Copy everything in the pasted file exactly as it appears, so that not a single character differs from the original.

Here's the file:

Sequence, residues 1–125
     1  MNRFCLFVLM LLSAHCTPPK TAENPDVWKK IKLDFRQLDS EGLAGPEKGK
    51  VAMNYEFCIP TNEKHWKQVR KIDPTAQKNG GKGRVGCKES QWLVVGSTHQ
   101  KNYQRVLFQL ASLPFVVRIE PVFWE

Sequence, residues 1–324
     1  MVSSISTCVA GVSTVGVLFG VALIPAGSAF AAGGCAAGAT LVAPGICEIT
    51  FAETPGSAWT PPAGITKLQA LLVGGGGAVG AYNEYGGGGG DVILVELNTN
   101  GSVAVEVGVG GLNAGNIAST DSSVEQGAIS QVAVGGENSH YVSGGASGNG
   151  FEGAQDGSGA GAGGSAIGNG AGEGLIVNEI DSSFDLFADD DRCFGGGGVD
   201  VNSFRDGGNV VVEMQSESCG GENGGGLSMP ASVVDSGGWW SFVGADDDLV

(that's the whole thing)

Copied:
Sequence, residues 1–125
     1  MNRFCLFVLM LLSAHCTPPK TAENPDVWKK IKLDFRQLDS EGLAGPEKGK
    51  VAMNYEFCIP TNEKHWKQVR KIDPTAQKNG GKGRVGCKES QWLVVGSTHQ
   101  KNYQRVLFQL ASLPFVVRIE PVFWE

Sequence, residues 1–324
     1  MVSSISTCVA GVSTVGVLFG VALIPAGSAF AAGGCAAGAT LVAPGICEIT
    51  FAETPGSAWT PPAGITKLQA LLVGGGGAVG AYNEYGGGGG DVILVELNTN
   101  GSVAVEVGVG GLNAGNIAST DSSVEQGAIS QVAVGGENSH YVSGGASGNG
   151  FEGAQDGSGA GAGGSAIGNG AGEGLIVNEI DSSFDLFADD DRCFGGGGVD
   201  VNSFRDGGNV VVEMQSESCG GENGGGLSMP ASVVDSGGWW SFVGADDDLV